Printable Resume Templates To Land the Job
Screen resolution usually ranges from 72 to 100 pixels per inch. Print resolution should be around 300 dots per inch to achieve a professional look. Resolution can affect the appearance of both text and graphics in a printed resume. You should definitely make sure that any graphical layouts you consider are available in a suitable resolution for print if your hiring manager requests a physical copy. Read on to learn how print-ready templates can make the job application process easier.
Table of Contents
Why Use Printable Resume Templates?
Suitable for on-screen viewing and print
Includes all of the necessary information
Looks polished and professional
Ready for professional printing if you desire
Entry-Level Printable Resume Templates
Professional Printable Resume Templates
Clean Printable Resume Templates
Popular Printable Resume Templates
Tried-and-True Printable Resume Templates
What To Say in Your Resume
Full name: Put your full name at the top of your resume.
Phone number: Give a phone number at which an employer can reliably reach you, ideally a personal cell number or home number.
Mailing address: Include at least your current city and state of residence. You can also provide your street or mailing address.
Professional email: Make sure your email address is suitable for work and that you check it regularly.
Social Media: Depending on the position, you might want to add links or usernames to professional profiles. If you are using one of our printable resume templates, you should keep in mind that a reader will not be able to click on a link.
Summary Statement: A summary statement is a great way to cover your skills and what you can bring to a position near the top of your resume. Using keywords from the job description can be a great way to keep a potential employer reading your resume.
Objective Statement: An objective statement addresses your goal in seeking employment. This statement may focus more on what you want from an employer or what you desire in terms of your career path rather than what you have to offer in terms of a specific position.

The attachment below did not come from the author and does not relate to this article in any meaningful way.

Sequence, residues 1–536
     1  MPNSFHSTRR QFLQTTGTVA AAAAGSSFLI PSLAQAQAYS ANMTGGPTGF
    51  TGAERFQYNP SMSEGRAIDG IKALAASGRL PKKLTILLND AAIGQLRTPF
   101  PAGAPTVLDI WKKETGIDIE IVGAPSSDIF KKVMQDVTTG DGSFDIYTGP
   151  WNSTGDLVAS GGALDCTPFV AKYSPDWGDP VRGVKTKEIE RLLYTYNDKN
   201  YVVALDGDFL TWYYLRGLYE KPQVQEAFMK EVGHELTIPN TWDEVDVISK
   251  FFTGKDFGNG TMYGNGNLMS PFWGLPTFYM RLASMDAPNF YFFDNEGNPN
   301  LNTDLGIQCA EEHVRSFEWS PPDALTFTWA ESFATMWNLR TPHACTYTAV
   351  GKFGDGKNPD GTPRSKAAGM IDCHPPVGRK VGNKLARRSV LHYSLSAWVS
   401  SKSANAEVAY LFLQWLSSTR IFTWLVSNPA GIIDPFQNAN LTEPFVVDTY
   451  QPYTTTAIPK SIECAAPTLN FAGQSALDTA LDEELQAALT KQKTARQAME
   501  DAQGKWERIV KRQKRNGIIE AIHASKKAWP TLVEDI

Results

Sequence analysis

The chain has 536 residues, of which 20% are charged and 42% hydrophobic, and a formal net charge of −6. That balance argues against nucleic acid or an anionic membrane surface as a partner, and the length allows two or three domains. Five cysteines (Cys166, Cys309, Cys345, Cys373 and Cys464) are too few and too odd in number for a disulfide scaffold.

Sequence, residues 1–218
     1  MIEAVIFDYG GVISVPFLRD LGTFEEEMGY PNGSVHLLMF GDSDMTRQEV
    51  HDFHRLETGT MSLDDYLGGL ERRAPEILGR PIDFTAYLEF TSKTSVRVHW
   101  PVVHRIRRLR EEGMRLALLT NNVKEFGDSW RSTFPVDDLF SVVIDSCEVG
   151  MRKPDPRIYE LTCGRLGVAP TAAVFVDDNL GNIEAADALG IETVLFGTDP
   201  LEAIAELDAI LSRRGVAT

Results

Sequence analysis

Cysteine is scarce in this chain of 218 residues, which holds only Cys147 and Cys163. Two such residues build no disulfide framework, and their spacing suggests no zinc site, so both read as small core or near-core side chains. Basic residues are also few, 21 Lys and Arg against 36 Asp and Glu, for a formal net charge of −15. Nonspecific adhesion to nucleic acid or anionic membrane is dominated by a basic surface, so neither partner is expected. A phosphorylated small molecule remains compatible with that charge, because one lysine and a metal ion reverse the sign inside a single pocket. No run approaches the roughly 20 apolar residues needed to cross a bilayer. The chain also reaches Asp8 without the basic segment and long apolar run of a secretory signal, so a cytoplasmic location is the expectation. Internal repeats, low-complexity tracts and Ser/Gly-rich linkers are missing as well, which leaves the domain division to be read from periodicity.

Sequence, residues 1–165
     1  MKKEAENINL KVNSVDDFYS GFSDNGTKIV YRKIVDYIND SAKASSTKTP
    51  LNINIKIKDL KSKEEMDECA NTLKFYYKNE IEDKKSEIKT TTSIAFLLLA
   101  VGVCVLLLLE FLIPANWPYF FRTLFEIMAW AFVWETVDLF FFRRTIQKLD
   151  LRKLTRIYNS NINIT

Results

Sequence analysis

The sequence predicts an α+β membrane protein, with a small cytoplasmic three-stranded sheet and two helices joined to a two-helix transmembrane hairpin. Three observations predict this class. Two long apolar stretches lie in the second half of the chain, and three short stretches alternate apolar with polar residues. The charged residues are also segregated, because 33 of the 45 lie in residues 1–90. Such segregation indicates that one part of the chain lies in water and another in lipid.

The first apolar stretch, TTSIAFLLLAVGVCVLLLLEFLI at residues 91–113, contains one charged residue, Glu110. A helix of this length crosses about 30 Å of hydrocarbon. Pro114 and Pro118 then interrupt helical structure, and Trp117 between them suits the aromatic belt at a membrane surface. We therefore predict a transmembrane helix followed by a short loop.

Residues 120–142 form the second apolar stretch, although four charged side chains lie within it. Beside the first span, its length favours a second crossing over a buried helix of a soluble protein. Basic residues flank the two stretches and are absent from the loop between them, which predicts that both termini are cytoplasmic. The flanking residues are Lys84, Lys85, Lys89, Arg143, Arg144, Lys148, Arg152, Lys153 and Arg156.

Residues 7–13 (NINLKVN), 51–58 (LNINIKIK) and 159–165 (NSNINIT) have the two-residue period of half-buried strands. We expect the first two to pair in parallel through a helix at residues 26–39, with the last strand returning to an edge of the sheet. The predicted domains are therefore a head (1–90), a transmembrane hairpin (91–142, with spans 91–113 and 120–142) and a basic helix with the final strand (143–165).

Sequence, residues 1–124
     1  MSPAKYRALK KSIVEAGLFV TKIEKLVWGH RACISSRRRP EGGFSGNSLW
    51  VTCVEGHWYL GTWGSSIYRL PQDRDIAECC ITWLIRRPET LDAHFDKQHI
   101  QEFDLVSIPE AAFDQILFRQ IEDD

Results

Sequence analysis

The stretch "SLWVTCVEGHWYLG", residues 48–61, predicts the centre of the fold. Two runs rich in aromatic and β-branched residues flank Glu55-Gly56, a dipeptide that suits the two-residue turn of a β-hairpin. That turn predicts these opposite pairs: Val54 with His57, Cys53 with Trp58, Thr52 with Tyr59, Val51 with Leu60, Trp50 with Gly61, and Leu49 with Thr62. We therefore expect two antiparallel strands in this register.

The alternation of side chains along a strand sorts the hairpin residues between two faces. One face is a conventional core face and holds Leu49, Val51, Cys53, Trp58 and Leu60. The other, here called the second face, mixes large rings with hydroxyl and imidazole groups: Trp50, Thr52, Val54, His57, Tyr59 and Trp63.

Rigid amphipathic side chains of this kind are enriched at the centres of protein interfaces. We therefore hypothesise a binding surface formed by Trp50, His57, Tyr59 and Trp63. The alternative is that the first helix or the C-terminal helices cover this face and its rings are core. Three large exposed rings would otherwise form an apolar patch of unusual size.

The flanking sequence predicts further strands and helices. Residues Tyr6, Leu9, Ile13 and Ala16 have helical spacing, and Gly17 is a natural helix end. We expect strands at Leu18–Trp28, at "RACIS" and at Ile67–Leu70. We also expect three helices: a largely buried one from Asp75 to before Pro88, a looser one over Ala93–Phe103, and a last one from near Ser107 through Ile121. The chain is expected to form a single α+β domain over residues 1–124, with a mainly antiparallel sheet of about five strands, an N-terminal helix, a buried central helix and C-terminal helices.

Determine: Make a list of the skills you think you can bring to the position.
Double Check: Read over the job description and identify key language. Determine whether you can describe any of your original skills in these terms.
List: Prioritize your list of skills based on the employer’s priorities and your own strengths.
Structure: Start this section with your present job or most recent occupation. Each entry should go back in time, ideally without large and unexplained gaps.
Roles: Give the title of each position, the name and location of the employer, and your dates of employment.
Responsibilities: List a few descriptive duties and noteworthy accomplishments under each entry in your work experience section.
Academics: Describe any relevant degrees starting with your most recent or highest level of education. You do not have to go back to high school if you have an associate’s, bachelor’s, or other advanced degree.
Professional credentials: This section is also a good place to bring up any relevant certifications, licenses, occupational training, or memberships.